IF there's a quiet corner of childhood still untouched by the marketing industry, it is not apparent to the naked eye. Over the last decade, more advertising on television targeted kids, and ads penetrated to every nook and cranny of childhood experience - even to the school classroom, via the Whittle Corporation's ``Channel One,'' a news program for schools that includes commercials. Now that lessons are interrupted by messages for Nike shoes and M&M candies, there is a growing feeling that things have gotten out of hand.
``We are raising children in an era of marketing, parented by parents raised in an era of marketing,'' says Peter Reynolds, president of Brio of America, a maker of traditional wooden toys. ``You can sell anything out there [to kids] if you do it with enough sophistication.''
After a decade of political quietude, advertising to children has become an issue again. In the late 1970s, the United States Federal Trade Commission (FTC) proposed a ban on television advertising to children. The commission cited considerable evidence that very young children don't understand the nature of advertising. Therefore, it contended, such advertising is inherently ``unfair'' within the meaning of federal law.
The Canadian province of Quebec was impressed enough to enact their own ban (see related story). But in the US, the FTC received a sound political thrashing at the hands of the television, cereal, and other lobbies. The agency's funding was held up and, on one day, FTC employees couldn't even use their phones.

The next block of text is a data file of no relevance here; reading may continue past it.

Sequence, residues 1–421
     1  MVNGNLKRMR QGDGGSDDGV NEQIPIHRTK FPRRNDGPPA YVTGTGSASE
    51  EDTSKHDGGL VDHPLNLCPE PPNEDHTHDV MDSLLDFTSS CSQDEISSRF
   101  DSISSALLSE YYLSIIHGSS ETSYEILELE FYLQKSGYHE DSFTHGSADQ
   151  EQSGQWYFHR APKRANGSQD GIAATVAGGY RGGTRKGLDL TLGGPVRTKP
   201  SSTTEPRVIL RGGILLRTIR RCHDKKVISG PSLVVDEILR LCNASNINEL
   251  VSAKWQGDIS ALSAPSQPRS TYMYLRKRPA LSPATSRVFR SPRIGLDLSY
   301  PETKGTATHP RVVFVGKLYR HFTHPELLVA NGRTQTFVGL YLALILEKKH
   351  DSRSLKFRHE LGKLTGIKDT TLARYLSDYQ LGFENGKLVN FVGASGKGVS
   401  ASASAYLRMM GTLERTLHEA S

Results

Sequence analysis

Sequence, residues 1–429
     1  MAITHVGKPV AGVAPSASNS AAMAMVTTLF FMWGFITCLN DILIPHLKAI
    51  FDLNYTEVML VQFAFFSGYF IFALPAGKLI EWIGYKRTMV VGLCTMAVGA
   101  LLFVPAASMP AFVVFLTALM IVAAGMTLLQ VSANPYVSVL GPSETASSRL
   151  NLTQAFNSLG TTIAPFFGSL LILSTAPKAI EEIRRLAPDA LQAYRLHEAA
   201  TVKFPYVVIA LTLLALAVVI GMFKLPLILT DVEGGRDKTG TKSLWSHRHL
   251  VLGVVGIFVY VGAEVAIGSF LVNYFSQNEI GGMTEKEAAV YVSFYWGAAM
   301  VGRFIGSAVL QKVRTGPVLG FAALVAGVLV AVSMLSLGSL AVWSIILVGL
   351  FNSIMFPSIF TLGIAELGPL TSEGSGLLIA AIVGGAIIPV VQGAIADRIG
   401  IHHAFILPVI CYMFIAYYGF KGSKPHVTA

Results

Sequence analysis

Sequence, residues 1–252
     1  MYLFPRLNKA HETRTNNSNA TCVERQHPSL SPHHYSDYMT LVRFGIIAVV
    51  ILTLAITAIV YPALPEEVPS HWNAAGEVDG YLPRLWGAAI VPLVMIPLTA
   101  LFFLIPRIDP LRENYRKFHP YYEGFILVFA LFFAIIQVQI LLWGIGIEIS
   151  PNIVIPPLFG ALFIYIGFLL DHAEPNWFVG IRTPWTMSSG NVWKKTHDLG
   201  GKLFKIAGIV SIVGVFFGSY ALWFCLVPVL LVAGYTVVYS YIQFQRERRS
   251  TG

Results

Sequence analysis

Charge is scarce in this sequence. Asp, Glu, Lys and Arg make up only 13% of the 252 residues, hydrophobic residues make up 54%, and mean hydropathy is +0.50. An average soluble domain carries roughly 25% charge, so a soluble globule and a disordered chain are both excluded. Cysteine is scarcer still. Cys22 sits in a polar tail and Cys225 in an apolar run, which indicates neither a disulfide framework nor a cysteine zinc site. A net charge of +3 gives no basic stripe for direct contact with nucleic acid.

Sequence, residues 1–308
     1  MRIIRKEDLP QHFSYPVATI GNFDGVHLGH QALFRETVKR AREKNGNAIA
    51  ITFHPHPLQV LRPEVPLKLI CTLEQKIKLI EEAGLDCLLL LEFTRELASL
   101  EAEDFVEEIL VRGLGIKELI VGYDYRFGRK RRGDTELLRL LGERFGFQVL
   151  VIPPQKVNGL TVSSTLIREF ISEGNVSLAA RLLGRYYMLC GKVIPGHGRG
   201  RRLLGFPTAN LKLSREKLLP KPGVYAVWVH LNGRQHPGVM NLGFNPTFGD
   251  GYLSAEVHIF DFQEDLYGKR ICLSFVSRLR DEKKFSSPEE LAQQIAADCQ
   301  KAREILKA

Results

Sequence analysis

Since then, it has seemed to many like open season on kids. But opposition to the advertising is growing. A bill moving through Congress would limit TV ads for children and require broadcasters to provide at least some educational programs. More importantly, the ``Channel One'' venture may prod schools and parents to action of their own.
It's no mystery why the American advertising industry is jostling for the attention of the nation's children. Kids assert a potent nagging force, affecting some $50 billion that their parents spend. Kids themselves spend more than $4 billion a year on soft drinks, chocolate bars, and other things parents often wish they had less of.
Social trends have hastened the redefining of children as consumers. Baby boomers finally started having kids, for example; and with more two-worker families, fewer adults were at home to check what kids were seeing on TV after school.
``A lot of adults haven't watched children's television,'' says Nancy Carlsson-Paige of Lesley College in Boston. She is co-author of ``Who's Calling the Shots,'' a book on the marketing of war toys.
Today, kids watch close to an hour of ads a day on TV. Studying kids with new intensity, the nation's market-research experts found that kids have more clout with busy parents than advertisers had realized. TV networks seized on this information to convince more companies that the way to mommy's pocket was through little Suzie or Billy.
In Washington during the 1980s, the Federal Communications Commission (FCC) said market forces rather than government should rule, and in 1988 President Reagan vetoed a bill that would have imposed mild restraints on children's ads. The atmosphere has encouraged advertisers to take ever greater liberties. A new show called ``Video Power,'' planned for syndication next fall, is a kind of Top 40 countdown of video games with ads spliced in without a clear commercial break.
``It just so happens that's still illegal,'' says Peggy Charren of Action For Children's Television (ACT) in Cambridge, Mass. ``The industry has forgotten that the rules are even there.''
ACT has petitioned the FCC to restate its rules regarding the separation of programs and ads. ``We think we are even going to get some action on it,'' she says. It's also likely that Congress will enact a version of the bill Reagan vetoed.